‘Mission: Impossible – Fallout’ Cruises Past ‘Christopher Robin’
LOS ANGELES (Reuters) – Mission: Impossible – Fallout” generated $35 million from 4,395 locations in its sophomore frame, while Disney’s “Christopher Robin” opened at the lower end of forecasts with $25 million from 3,602 screens.
The sixth installment of the Tom Cruise spy series remains No. 1 at the box office, pocketing $124 million in North America to date. Overseas, it has amassed over $205 million. It opens in China on Aug. 31.
“Christopher Robin,” Disney’s live-action adaptation based on characters from Winnie the Pooh, picked up an additional $4.8 million internationally for a global start of $29.5 million. The movie, which carries a $75 million production budget, has garnered mixed reviews. As expected, families made up 60 percent of audiences, while 56 percent of moviegoers were female.
“We believe this is a solid start for this film,” Cathleen Taff, Disney’s head of theatrical distribution, said. “We think this movie will have legs. We don’t have a lot of family film competition behind us.” Ewan McGregor stars as the eponymous Christopher Robin, while Jim Cummings returns to voice Winnie the Pooh and Tigger, and Brad Garrett joins as Eeyore. Marc Forster directed “Christopher Robin” from a screenplay by Alex Ross Perry and Allison Schroeder.
Lionsgate’s R-rated comedy “The Spy Who Dumped Me” — starring Mila Kunis and Kate McKinnon — debuted at No. 3 with $12.3 million on 3,111 locations. Susanna Fogel directed and co-wrote with David Iserson. The cast includes Justin Theroux, Gillian Anderson, Hasan Minhaj, and Sam Heughan.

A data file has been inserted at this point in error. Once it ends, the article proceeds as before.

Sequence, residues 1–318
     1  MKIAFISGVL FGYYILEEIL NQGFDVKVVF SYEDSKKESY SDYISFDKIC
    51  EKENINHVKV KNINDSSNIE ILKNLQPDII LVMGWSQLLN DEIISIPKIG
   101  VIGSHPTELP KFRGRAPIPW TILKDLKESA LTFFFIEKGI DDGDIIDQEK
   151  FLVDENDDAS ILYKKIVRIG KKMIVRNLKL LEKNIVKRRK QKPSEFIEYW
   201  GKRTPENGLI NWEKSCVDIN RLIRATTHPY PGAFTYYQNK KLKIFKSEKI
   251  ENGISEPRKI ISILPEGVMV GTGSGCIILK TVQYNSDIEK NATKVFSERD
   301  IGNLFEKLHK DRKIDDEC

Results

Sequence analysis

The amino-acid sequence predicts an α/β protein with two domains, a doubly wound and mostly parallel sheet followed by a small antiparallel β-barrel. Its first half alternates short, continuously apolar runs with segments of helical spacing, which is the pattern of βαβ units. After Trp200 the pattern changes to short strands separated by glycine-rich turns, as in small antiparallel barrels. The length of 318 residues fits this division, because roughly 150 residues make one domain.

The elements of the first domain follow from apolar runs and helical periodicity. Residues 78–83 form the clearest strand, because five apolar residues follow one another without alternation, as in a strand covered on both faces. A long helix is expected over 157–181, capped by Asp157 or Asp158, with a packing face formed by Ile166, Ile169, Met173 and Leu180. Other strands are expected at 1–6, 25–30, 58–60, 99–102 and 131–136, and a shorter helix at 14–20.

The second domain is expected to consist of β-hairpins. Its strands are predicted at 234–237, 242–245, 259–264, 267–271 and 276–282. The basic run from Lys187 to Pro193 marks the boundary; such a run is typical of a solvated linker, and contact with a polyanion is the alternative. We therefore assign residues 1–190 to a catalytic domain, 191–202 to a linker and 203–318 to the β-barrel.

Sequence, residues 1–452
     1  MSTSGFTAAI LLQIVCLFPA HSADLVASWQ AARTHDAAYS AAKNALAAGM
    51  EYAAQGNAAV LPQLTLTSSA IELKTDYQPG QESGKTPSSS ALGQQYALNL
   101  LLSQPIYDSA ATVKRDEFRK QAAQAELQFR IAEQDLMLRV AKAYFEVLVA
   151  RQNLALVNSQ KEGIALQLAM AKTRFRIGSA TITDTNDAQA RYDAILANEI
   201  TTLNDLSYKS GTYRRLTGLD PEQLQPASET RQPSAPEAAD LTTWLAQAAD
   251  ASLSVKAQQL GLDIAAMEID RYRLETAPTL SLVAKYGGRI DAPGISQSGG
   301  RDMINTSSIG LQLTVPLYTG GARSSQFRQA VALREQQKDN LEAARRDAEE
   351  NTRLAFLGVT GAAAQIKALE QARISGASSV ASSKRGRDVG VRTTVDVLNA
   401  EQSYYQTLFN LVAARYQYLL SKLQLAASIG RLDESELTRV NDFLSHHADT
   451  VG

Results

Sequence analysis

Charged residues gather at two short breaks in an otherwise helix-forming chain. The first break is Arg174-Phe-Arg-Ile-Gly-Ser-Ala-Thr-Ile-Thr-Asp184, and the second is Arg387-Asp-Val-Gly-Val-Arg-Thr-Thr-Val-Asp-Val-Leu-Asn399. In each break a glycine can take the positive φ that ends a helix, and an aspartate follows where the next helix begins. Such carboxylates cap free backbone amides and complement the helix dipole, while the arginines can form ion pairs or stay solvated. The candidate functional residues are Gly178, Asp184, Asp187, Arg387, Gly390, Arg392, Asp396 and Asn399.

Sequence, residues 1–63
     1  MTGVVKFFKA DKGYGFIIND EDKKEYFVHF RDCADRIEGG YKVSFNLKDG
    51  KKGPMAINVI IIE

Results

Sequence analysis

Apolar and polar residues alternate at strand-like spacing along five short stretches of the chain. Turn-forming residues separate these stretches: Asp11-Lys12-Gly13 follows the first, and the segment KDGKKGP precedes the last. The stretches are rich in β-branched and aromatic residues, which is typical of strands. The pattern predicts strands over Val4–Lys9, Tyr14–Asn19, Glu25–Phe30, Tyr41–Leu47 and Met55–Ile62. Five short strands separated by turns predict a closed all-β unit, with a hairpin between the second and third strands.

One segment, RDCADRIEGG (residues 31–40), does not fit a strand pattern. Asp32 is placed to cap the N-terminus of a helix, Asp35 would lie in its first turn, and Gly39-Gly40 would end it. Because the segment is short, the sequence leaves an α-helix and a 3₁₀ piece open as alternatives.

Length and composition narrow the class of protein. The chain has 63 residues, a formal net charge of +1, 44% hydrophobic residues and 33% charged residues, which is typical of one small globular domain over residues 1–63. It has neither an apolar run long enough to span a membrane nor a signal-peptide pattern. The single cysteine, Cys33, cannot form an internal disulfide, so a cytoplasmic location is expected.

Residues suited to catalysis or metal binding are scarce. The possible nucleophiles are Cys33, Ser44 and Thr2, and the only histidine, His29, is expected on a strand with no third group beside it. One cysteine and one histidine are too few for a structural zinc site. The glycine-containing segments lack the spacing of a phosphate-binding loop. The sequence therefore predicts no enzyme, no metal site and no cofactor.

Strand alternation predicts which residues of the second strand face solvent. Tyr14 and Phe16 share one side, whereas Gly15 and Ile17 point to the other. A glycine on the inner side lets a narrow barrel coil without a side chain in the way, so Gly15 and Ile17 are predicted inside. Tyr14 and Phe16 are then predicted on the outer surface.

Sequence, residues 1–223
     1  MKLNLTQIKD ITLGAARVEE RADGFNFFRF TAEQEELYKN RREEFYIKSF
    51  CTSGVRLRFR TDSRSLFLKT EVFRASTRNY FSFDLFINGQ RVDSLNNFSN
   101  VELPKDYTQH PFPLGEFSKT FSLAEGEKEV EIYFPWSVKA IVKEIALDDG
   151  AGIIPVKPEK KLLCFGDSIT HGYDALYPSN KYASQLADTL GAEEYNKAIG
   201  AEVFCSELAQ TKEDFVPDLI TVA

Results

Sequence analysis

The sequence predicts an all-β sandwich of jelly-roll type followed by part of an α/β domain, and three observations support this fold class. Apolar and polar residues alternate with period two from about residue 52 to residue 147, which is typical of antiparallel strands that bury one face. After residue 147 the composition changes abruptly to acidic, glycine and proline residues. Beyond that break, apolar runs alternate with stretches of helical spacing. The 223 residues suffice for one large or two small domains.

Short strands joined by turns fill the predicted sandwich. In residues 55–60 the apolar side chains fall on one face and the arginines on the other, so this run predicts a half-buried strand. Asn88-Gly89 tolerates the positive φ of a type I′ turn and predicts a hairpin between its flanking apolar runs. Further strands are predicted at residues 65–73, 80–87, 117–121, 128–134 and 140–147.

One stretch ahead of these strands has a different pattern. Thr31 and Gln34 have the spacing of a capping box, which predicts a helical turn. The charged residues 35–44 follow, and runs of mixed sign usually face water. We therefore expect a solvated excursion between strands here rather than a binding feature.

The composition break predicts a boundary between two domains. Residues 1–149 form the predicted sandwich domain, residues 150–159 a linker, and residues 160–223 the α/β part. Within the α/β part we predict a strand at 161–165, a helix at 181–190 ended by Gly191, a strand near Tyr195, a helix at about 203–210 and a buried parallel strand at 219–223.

Newcomer “The Darkest Minds” earned $5.7 million when it launched on 3,127 screens. Fox’s YA dystopian thriller is battling a bleak 19 percent average on Rotten Tomatoes, though audiences seem slightly more enthusiastic with a B CinemaScore. Jennifer Yuh Nelson, who had a hand in “Kung Fu Panda” and helmed its two sequels, made her live-action directorial debut. Amandla Stenberg, Mandy Moore and Gwendoline Christie round out the cast.
The final wide release, Dinesh D’Souza’s “Death of a Nation,” made $2.3 million on 1,032 screens. The documentary, currently has a 0 percent rating on Rotten Tomatoes, is the lowest wide release to date for the right-wing conservative filmmaker. D’Souza’s last movie was “Hillary’s America: The Secret History of the Democratic Party,” which made $13 million. His first, “2016 Obama’s America,” topped out with $33 million.
Universal’s “Mamma Mia: Here We Go Again” landed in fourth with $9 million for a domestic tally of $91 million. Sony’s “The Equalizer 2” rounded out the top five, picking up $8.7 million. In three weeks, the Denzel Washington-led sequel has earned $79 million.
Meanwhile, Disney’s “Black Panther” reached a massive milestone. The Marvel tentpole — starring Chadwick Boseman and directed by Ryan Coogler — crossed $700 million at the domestic box office, one of three films to hit that mark. Worldwide, the movie has grossed $1.3 billion.
“We’re in awe at the power of this film since February,” Taff said. “It speaks to the incredible storytelling of Kevin Feige and Marvel.”
Elsewhere at the box office, Bo Burnham’s “Eighth Grade” earned $2.8 million when it expanded nationwide. A24’s coming-of-age comedy starring Elsie Fisher began its limited run with the best-per-screen average of the year and has since picked up $6.5 million.
Another A24 title, “Never Goin’ Back,” opened with $10,000 on just two screens. The stoner comedy, which debuted at the Sundance Film Festival, stars Mia Mitchell, Camila Morrone and “Saturday Night Live’s” Kyle Mooney.
Filmrise’s “The Miseducation of Cameron Post” nabbed the highest per-theater-average of the week. The romance drama, led by Chloe Grace Moretz, took in $53,000 when it opened on two screens for a solid average of $26,500.